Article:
The year 2012 is shaping up to be a challenging time for real estate companies, headlined by the “wildcard” of the European debt crisis, China’s decelerating growth and continuing weakness in the U.S., according to Graeme Eadie, vice-president of Real Estate Investments with the Canada Pension Plan Investment Board (CPPIB).
Graeme Eadie, Vice President of Real Estate Investments, Canada Pension Plan Investment Board
“There are all sorts of things going on that make it very hard as an investor in real estate to understand how to underwrite assets and determine where we should be putting our money,” said Eadie.
European banks have begun to pull out of real estate commitments to preserve capital and the institution of austerity programs in many countries on the continent mean growth will be slow at best.
“In terms of what this means for the real estate markets, I think we have seen most of it,” Eadie said. Demand, and capital is flowing to top-tier assets, which are perceived to carry the least amount of investment risk. “Higher risk assets, there is not a lot of appetite for them and development is not happening. A lot of people put that on capital, but I think as much as anything there is no real demand for it.”
For its part CPPIB, the country’s largest single purpose pension fund with $11-billion invested in real estate around the world, has been “incredibly busy” for much of 2011, making $4 billion worth of acquisitions since April.
The pension plan has relied on large transactions from distressed sellers over recent years, a pipeline that Eadie sees as being choked off.
“What is happening is prices have risen to the point that it just isn’t interesting to us anymore,” he said.
Going forward, CPPIB intends to grow by working with joint venture partners, investing $2 billion to $3 billion per year in real estate over the next five years while it will pare its portfolio of some assets. “We are trying to refocus the portfolio so we will sell about $3 billion over the next five years and (sell) about $600 million this year.”
Guy Metcalfe, Morgan Stanley’s, Managing Director & Global Co-head of Real Estate Investment Banking
The less-than-optimistic assessment of the next few years was shared by Guy Metcalfe, Morgan Stanley’s managing director & global co-head of real estate investment banking speaking on a panel at the forum. Part of that is only natural given the place real estate is in the investment cycle at a frenzied few years.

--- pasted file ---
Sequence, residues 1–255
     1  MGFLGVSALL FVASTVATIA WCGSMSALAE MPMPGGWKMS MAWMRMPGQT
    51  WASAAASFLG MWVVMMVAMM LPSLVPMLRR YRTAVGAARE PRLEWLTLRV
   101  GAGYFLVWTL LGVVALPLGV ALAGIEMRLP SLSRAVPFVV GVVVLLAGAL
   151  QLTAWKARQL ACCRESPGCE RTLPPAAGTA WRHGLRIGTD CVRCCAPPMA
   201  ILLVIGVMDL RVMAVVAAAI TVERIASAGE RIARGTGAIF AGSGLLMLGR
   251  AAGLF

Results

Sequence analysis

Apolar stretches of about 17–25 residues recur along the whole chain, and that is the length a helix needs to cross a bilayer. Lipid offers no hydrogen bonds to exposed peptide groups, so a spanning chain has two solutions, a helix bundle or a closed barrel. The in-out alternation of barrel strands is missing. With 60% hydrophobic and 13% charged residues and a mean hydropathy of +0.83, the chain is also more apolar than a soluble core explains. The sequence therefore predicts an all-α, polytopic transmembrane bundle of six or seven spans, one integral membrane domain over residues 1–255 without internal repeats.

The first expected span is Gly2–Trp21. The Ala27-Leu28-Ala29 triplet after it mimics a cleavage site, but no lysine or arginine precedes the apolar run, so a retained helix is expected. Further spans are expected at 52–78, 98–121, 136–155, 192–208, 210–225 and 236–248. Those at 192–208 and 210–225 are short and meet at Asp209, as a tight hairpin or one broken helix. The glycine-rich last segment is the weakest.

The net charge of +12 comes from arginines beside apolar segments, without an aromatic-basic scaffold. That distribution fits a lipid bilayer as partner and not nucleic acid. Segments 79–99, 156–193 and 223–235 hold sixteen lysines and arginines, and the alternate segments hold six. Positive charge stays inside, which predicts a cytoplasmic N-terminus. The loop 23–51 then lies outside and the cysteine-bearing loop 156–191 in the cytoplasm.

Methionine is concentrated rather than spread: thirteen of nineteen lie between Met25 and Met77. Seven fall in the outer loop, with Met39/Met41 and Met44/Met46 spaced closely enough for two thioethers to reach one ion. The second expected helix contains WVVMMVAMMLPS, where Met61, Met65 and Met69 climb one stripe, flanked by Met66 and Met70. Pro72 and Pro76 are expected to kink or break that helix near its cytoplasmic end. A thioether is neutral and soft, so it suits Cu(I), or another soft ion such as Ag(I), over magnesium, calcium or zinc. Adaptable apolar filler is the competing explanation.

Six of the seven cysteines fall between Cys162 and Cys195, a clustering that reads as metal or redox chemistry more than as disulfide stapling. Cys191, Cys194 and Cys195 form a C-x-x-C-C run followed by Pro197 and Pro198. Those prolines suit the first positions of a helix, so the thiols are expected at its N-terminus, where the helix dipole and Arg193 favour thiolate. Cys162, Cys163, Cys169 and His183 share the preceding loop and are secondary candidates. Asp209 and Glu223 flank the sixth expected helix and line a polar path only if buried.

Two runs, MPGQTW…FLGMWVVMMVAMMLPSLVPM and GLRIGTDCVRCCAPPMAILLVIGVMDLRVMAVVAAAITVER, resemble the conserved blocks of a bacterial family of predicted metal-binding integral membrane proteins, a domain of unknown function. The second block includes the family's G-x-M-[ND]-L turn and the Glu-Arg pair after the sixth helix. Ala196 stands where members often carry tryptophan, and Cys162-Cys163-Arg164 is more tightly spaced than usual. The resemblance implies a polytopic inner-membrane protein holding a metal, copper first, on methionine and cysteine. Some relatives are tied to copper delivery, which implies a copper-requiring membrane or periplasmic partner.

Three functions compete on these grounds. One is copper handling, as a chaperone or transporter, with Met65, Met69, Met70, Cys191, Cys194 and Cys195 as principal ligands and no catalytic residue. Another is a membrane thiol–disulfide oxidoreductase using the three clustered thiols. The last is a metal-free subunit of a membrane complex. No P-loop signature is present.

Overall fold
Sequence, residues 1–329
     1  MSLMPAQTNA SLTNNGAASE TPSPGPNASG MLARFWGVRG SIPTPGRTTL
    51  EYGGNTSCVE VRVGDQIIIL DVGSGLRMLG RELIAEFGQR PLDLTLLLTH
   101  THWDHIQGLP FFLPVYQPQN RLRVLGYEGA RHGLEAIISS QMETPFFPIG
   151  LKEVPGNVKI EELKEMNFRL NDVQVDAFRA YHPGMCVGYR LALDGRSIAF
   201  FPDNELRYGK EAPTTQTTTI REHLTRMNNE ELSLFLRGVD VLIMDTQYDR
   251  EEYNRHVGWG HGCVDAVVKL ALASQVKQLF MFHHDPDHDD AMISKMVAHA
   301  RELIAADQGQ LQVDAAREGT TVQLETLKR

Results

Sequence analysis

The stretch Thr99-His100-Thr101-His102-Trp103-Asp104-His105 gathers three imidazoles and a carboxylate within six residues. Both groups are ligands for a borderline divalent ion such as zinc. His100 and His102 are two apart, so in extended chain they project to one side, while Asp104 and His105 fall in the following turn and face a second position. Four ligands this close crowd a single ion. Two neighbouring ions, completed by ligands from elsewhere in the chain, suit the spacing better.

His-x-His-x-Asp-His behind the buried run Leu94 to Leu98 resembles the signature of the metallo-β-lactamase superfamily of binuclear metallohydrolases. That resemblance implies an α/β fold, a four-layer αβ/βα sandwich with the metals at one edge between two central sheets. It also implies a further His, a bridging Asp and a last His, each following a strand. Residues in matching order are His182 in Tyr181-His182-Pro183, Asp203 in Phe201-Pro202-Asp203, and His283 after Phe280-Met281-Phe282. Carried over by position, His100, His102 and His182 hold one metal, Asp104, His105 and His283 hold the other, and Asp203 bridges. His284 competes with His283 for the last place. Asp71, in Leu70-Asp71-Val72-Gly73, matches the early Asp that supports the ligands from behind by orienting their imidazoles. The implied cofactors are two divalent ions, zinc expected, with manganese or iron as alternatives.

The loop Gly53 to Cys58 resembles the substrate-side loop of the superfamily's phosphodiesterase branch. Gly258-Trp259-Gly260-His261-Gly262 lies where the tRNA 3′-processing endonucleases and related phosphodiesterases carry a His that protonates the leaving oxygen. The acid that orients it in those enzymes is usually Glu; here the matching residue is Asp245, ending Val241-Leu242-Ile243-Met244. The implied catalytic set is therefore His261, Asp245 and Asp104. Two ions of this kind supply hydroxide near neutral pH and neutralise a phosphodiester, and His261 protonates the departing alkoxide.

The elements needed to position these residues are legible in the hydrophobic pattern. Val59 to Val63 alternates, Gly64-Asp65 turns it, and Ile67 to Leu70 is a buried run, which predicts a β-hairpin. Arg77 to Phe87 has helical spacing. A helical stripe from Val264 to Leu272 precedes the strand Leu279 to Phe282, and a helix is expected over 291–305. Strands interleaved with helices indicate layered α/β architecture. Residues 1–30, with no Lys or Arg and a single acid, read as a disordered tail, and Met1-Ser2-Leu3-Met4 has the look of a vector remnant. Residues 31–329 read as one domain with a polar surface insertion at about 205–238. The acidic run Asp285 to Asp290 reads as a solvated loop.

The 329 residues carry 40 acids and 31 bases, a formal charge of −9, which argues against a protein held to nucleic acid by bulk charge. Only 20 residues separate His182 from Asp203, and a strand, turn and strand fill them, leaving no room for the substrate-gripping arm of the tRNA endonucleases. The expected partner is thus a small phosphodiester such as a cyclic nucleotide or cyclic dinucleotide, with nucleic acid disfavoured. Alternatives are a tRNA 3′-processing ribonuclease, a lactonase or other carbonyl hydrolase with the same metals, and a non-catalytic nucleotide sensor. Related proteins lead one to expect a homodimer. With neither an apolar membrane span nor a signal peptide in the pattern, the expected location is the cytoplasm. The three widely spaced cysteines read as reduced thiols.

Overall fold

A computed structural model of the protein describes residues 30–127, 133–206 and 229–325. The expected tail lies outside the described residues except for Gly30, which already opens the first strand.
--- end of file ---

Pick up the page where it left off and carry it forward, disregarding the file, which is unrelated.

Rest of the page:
“We have seen a lot of activity, a lot of transactions over the last couple of years and a lot of that I think was tied to once in a decade or once in a lifetime sort of assets that were purchased at the peak of the market in 2006 and 2007 which were put back on the market as distressed sellers or lenders wanted to move the product,” he said. Fueling the transaction frenzy was a willing group of bullish buyers willing to make deals for those landmark properties.
That optimism among buyers has cooled recently, Metcalfe has seen. “I think buyers are being a little bit more cautious on their underwriting, on their outlook going forward. Financiers are certainly being more cautious, a lot of financings that people were willing to provide six months ago are being pulled back. So it is very possible that we will see a bit of a cooling off period.”
David Paine, Head of Real Estate Investments, Standard Life Investments
Fellow panelist David Paine, head of real estate investments with Standard Life Investments, which has more than $10 billion of real estate assets under management, said his company is generally taking a wait and see approach to Europe and developed economies generally. He said he believed the current Euro crisis could have been dealt with at an early stage but that opportunity was missed and now the fate of the Euro zone is largely in the hands of politicians.
“In terms of what we are doing, we are focusing on those markets where we can see either the positioning is relatively stronger from a starting point perspective” or markets well positioned for a quick turnaround in repricing and revaluation when the economy improves.
“Canada is one of them,” said the Standard Life executive. “Similarly in Australia there are pockets in Sydney and Perth that have very similar characteristics. We are invested in Brazil … that has been a very good market for us. And even in the Euro zone, our focus is on the stronger markets, Scandinavia, Poland, Germany and looking for the opportunities that will be created out of the dis-function in the marketplace,” he said.
“Over the course of the next year, there will be more of those opportunities emerging and really the challenge for us is to ensure that we are in the position to at least play in some of those as they emerge. But it will take, in terms of underwriting, there will have to be risk taken on that is not on the table at the moment.”